Issues

Advocating for the protection of our national parks and programs is at the heart of the Coalition’s work. We provide knowledgeable and comprehensive analysis of the issues facing the park system through issue papers, comments, editorials and face-to-face meetings. Our most recent efforts are listed below.


Coalition Files Amicus Curiae Brief Regarding Proposed Dominion Surry-Skiffes Creek-Whealton Transmission Line Project

The Coalition recently submitted an amicus brief and associated motion against the Proposed Dominion Surry-Skiffes Creek-Whealton Transmission Line Project. Click “Read More” to read the full brief and motion.

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Law Review Article: The National Park Service at 100

As the National Park Service enters its second century, it faces many of the same challenges as other federal agencies. The two primary challenges facing the National Park Service as it moves forward are ensuring sufficient funding for the national park system from Congress and other revenue sources and keeping the national parks relevant to succeeding generations of Americans. Click “Read More” to read the full law review article from Coalition Executive Council member Donald J. Hellmann.

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Op-Ed: National Parks Should Be Considered Before Oil and Gas Leasing

Public lands surrounding many southwestern national parks are under pressure to be leased for oil and gas development. Most recently the Bureau of Land Management (BLM) has proposed leasing lands adjacent to Dinosaur National Monument, in direct view of the park entrance road and main visitor center, raising concerns about impacts to the park. Click “Read More” to see the op-ed written by Coalition member Fred Fagergren.

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NPS Centennial Biographies

Robert G. (Bob) Stanton

During his nearly 40 years of experience with the National Park Service (NPS), Bob Stanton served as a seasonal park ranger, management assistant, park superintendent, deputy regional director, regional director, associate director, and director, giving him a perspective and depth of experience matched by few others.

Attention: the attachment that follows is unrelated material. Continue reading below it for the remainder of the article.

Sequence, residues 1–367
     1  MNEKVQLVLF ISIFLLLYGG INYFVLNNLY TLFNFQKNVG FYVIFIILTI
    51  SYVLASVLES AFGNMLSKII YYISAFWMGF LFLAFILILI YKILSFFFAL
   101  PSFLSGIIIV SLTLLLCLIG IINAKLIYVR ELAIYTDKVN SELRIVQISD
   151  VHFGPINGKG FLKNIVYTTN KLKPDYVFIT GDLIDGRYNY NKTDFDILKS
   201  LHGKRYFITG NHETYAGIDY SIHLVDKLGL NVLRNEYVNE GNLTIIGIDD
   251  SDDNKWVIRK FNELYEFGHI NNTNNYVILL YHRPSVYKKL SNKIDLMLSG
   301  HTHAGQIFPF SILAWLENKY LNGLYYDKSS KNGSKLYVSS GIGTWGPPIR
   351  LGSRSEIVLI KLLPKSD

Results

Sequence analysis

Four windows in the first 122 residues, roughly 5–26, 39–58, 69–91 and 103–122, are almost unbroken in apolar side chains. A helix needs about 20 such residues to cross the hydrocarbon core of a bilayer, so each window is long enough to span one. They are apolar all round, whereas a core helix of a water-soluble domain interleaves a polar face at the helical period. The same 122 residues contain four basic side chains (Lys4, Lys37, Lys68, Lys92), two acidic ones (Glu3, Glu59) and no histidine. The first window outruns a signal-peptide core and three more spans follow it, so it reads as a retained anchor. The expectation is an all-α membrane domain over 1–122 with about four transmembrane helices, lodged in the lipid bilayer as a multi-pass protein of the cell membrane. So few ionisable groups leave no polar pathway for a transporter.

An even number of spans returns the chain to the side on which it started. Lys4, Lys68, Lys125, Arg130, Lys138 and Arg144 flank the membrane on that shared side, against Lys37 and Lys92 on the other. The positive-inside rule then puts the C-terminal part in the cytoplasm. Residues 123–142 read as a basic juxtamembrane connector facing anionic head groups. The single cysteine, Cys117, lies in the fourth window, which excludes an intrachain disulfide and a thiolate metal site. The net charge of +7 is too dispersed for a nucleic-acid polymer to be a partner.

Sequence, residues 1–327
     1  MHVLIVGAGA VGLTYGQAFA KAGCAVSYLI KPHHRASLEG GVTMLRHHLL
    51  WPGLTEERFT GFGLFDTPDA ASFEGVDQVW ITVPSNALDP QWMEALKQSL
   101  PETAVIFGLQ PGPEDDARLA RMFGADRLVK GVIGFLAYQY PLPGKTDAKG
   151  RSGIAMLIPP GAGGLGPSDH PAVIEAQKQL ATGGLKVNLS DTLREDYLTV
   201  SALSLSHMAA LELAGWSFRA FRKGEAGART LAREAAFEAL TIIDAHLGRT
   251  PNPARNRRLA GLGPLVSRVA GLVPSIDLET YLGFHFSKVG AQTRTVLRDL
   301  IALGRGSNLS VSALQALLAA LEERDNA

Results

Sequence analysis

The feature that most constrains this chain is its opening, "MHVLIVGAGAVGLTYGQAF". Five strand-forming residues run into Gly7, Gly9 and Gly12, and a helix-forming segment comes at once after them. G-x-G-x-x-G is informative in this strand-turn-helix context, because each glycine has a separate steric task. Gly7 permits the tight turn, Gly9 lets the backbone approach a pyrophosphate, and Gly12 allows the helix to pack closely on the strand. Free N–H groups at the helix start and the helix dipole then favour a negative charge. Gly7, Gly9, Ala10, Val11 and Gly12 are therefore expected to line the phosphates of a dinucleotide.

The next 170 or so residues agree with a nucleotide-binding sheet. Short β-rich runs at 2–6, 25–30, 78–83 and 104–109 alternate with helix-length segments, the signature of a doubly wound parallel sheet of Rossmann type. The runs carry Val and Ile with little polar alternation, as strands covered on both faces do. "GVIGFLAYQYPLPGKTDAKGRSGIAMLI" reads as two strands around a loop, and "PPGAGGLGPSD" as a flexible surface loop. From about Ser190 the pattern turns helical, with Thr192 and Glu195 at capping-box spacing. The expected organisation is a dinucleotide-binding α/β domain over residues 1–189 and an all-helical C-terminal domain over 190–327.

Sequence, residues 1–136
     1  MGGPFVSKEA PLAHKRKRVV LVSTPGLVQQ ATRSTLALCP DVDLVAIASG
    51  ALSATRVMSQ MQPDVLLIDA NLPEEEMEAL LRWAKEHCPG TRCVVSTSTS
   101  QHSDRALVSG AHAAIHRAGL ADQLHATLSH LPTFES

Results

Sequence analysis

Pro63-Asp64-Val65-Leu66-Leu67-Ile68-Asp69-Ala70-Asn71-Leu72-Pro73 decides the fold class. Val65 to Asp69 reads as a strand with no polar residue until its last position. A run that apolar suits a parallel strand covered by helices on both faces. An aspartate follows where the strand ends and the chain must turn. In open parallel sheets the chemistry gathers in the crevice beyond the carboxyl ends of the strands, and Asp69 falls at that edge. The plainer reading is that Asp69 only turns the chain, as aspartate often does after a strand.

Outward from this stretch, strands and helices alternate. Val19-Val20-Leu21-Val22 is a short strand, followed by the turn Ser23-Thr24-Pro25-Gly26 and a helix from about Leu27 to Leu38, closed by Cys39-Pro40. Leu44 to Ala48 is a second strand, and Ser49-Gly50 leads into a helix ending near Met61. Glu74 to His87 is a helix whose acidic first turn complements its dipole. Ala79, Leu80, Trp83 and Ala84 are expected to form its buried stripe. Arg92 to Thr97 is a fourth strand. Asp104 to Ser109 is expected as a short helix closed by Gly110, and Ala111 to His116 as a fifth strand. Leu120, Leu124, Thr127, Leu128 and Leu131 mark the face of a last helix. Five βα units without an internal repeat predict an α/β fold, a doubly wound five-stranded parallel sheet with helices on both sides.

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Richard (Rick) Cook, 1950-2016

“Hey, it’s West, By God, Virginia” was a phrase more frequently heard from Rick, whether he was recalling his “earlier days” as an ambulance chasing hearse driver, working in the Governor’s Mansion, or writing papers for the U.S. Dept. of State to provide an intellectual base for world wide heritage conservation decisions in a United Nations forum.

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Maureen Finnerty

In her more than thirty year career, Maureen Finnerty was a ground-breaking and widely respected leader whom the National Park Service (NPS) relied upon for advice and counsel on numerous critical issues and functions. A woman consistently ahead of her time, she was the first woman to serve in several NPS positions.

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Hugh C. Miller

Hugh C. Miller. FAIA, FAPT, a 28-year veteran of the National Park Service (NPS) served as the service’s second chief historical architect between 1979 and 1988. During that tenure, he was executive architect for the restoration of the Statue of Liberty and Ellis Island and principal steward of the many nationally-significant historic buildings and landscapes in the service’s care.

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Rick Smith

Rick Smith started his NPS career in 1959 as a seasonal ranger in Yellowstone National Park (NP) and continued in that role for the next nine summers while he finished his undergraduate work, taught junior high school English and completed a master’s degree in English literature at Michigan State University.

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Christine L. Shaver

“To say that I love national parks and wilderness areas would be an understatement…I dedicated my entire career, from my early days at law school to my former post as head of the National Park Service’s Air Resources Division, to the protection and defense of our national parks and wild places, specifically against the threat of air pollution.” Thus wrote Chris Shaver a few months ago in an op-ed published in The Coloradoan advocating for tougher regulations to protect park air quality.

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